The ratio of the two intensities measured above can be calculated and compared to a control ratio. What is meant by control ratio is an established standard ratio (e.g., an established norm for the subject's age, sex, and/or race) or a ratio obtained from the subject (e.g., previously obtained from the same area of skin or obtained from another area skin such as an area of skin not readily exposed to UV radiation such as the underarm or buttocks). The method, thus, is able to determine the skin health of the subject (e.g., by comparing the ratio to the control ratio). The difference of the ratio value between exposed areas of skin and protected areas of skin has been found to generally decline with age. This difference is believed to be indicative of the ability of skin to react to external stimuli by repairing itself. Therefore, higher ratio values of the exposed areas compared to the unexposed areas is believed to be an indication of healthy skin, able to regenerate itself. Furthermore, high ratio values of the exposed site compared to the unexposed site is also believed to be indicative of the youthfulness of the skin.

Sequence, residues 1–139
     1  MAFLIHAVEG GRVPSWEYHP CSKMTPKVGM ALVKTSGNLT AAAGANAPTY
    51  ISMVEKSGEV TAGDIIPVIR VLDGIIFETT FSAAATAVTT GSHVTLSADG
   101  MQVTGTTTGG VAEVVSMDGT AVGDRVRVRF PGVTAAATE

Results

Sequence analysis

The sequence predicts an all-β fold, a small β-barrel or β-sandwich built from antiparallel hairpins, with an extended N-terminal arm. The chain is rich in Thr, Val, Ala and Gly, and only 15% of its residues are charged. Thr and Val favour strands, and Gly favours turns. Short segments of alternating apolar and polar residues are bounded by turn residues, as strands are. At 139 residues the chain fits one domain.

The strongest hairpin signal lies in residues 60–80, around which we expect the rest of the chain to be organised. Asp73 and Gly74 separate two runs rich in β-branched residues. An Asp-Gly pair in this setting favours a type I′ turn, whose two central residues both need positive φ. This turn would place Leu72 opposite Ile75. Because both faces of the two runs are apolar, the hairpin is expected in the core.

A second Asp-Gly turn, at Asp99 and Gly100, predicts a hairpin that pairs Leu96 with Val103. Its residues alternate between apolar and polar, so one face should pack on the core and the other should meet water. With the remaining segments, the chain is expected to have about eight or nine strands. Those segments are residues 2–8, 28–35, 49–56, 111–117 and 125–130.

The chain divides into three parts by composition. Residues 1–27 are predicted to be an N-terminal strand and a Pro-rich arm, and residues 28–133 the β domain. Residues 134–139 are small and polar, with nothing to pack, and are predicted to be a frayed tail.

In one embodiment, the method is used to determine the effect of effect of a treatment to the skin of a subject. Examples of such treatments include, but are not limited to, cosmetic and pharmaceutical treatments (e.g, topical, parenteral, or oral), laser treatment, or abrasive treatment (e.g., microderm abrasion). In one embodiment, the treatment is a topical composition, such as a topical lotion or cream containing an anti-aging agent such as a retinoid (e.g., retinoic acid or retinol).